BEIRUT — The declared four-day holiday truce between the warring factions in Syria ended on Monday much as it had begun — with airstrikes, artillery barrages and other firefights around the country that made a mockery of the cease-fire.
Even to the last, citizens caught up in violence held out hope for a brief lull.
“I told myself I should take advantage of this truce to go visit some relatives,” said a woman willing to be identified only by her nickname, Um Samer, 32. Instead, as she described via Skype, a walk down the street from her house in the Damascus suburb of Hajar al-Aswad was interrupted on Monday when a government missile slammed into a minibus about 200 yards away from her.
“I saw kids cut in pieces and a driver with half his body gone,” she said. “How is it that we don’t have any value? Are we not human like other people?”
That was just one of the attacks Monday in what activists called one of the worst days of air raids against the suburbs of the capital since the uprising began as a peaceful protest movement in March 2011.
The strikes against Hajar al-Aswad left at least 10 people dead, eight of them in a minibus collective taxi, and many wounded, according to the Local Coordinating Committee and other opposition activists.
The government also accused the opposition of violating the cease-fire in multiple places, including exploding a car bomb in Jaramana, a Damascus neighborhood that is home to various minorities who still back the government. At least six people were killed and 50 wounded by the bomb, said SANA, the official news agency.
They were among scores of new victims of the violence during the putative lull. Clashes were reported scattered throughout the country from Daraa in the south to Deir el-Zour in the east to the embattled northern city of Aleppo. Among other firefights in that city, Kurdish fighters in the neighborhood of Ashrafiyah continued to battle to prevent opposition militiamen from taking over their quarter.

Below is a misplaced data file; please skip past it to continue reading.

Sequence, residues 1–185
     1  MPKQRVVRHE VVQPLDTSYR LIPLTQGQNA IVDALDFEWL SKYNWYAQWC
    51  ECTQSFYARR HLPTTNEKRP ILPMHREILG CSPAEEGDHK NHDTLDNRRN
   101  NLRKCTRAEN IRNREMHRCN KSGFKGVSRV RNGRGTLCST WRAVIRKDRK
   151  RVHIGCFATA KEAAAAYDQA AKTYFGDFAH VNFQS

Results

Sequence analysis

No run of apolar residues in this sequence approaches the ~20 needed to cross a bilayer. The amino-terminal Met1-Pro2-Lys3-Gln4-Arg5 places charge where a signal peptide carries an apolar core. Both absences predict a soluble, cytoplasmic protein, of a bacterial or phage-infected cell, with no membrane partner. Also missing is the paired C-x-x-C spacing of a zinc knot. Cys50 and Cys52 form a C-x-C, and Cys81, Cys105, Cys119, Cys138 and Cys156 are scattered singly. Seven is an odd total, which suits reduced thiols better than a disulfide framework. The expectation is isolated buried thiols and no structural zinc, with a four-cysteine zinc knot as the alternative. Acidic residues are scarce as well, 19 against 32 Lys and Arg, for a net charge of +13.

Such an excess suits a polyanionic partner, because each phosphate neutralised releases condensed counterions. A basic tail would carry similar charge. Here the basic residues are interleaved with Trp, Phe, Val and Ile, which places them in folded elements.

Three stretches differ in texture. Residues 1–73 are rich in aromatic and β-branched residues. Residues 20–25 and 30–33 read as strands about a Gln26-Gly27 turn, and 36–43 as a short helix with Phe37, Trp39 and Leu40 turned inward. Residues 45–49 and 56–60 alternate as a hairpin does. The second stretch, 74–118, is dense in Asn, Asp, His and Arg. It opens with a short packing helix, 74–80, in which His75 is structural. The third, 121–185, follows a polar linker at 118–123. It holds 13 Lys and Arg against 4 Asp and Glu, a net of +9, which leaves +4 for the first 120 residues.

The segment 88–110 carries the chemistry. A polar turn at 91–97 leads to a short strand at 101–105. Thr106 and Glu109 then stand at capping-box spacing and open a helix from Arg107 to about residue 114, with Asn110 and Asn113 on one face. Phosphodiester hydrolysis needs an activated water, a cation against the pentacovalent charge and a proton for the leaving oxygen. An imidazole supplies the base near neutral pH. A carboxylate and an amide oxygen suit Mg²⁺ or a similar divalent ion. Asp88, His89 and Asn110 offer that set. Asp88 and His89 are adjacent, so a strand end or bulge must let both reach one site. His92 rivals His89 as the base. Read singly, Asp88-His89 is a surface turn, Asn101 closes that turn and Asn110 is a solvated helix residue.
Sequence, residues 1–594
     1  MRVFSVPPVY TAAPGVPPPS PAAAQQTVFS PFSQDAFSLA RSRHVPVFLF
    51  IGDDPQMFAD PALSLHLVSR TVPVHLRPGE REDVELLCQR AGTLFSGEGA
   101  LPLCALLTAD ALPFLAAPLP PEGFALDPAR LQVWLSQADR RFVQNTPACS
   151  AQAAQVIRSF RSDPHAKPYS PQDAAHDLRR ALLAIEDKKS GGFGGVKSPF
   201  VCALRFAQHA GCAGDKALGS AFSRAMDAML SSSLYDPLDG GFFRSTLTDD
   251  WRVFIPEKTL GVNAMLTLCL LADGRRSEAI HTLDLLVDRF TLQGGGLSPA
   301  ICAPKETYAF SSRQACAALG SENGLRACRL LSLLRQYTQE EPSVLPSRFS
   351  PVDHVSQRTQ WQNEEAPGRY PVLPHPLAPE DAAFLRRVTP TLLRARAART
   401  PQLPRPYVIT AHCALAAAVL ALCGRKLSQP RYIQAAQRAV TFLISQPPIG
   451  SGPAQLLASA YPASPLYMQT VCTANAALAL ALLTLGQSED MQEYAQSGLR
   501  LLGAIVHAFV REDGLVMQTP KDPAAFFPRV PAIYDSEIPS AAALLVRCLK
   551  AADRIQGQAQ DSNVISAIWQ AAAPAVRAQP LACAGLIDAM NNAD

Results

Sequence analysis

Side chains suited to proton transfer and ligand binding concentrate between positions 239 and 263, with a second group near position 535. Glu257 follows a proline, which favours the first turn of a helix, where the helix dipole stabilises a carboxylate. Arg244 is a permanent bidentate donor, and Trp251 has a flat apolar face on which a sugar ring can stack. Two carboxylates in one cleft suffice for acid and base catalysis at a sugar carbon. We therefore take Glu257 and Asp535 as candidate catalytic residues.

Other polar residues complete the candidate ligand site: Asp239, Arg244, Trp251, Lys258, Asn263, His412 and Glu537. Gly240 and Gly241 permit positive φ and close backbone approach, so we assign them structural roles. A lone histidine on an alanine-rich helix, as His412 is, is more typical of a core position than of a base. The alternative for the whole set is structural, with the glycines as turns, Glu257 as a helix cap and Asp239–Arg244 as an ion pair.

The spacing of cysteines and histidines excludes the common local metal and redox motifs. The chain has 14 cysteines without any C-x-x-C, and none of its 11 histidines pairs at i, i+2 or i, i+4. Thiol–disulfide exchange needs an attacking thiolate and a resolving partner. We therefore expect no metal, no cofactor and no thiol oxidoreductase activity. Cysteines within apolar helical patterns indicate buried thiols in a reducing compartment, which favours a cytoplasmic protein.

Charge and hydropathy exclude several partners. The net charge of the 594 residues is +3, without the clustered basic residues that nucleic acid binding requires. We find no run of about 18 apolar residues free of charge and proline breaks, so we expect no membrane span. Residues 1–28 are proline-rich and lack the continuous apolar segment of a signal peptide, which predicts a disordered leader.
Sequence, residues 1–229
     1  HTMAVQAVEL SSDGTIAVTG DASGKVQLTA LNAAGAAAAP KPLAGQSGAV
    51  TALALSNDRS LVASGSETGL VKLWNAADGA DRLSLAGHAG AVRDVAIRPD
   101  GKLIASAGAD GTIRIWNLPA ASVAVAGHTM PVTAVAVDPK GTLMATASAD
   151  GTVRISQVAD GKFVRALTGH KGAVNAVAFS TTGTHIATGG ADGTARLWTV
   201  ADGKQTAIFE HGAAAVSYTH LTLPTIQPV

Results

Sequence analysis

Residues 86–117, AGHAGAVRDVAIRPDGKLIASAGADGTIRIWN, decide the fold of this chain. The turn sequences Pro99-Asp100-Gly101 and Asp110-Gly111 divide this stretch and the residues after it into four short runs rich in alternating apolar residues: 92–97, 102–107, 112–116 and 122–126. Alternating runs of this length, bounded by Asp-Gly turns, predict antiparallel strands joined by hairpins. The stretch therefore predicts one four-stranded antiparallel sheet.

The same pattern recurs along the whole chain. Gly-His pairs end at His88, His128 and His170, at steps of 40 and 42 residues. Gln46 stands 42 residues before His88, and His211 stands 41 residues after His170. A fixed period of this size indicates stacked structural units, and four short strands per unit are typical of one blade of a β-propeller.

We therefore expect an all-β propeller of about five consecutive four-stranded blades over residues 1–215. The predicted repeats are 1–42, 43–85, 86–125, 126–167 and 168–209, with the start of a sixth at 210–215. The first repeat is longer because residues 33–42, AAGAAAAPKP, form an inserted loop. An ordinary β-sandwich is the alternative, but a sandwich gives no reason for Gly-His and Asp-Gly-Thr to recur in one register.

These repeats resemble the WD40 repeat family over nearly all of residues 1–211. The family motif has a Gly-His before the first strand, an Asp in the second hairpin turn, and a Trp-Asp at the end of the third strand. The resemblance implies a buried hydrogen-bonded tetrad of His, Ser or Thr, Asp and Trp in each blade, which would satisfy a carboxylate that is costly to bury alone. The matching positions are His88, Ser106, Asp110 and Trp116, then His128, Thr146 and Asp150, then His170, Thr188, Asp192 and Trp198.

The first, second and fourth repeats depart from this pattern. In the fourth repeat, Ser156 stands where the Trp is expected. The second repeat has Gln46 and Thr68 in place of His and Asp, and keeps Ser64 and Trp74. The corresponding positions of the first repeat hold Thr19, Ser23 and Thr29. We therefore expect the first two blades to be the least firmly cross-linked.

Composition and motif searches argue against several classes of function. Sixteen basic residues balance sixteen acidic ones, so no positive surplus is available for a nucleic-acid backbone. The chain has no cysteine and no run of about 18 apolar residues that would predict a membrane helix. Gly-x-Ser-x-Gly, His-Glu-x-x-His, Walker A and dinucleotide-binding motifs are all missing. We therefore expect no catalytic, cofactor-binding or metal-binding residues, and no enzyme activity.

Lakhdar Brahimi, the envoy for the United Nations and the Arab League who tried to negotiate the truce, expressed disappointment that it had collapsed virtually from the start, although the fighting seemed to slow Friday.
“I am terribly sorry,” Brahimi told a news conference in Moscow, “that this appeal has not been heard at the level we hoped it would.” He will continue working to try to reduce the level of violence, he said, demanding greater international pressure on both sides in Syria.
Brahimi was visiting Moscow and Beijing, the main international backers of President Bashar Assad, ahead of presenting a plan to the Security Council next month toward a negotiated settlement. It will be based on an agreement that all five permanent members of the Security Council reached in Geneva last June.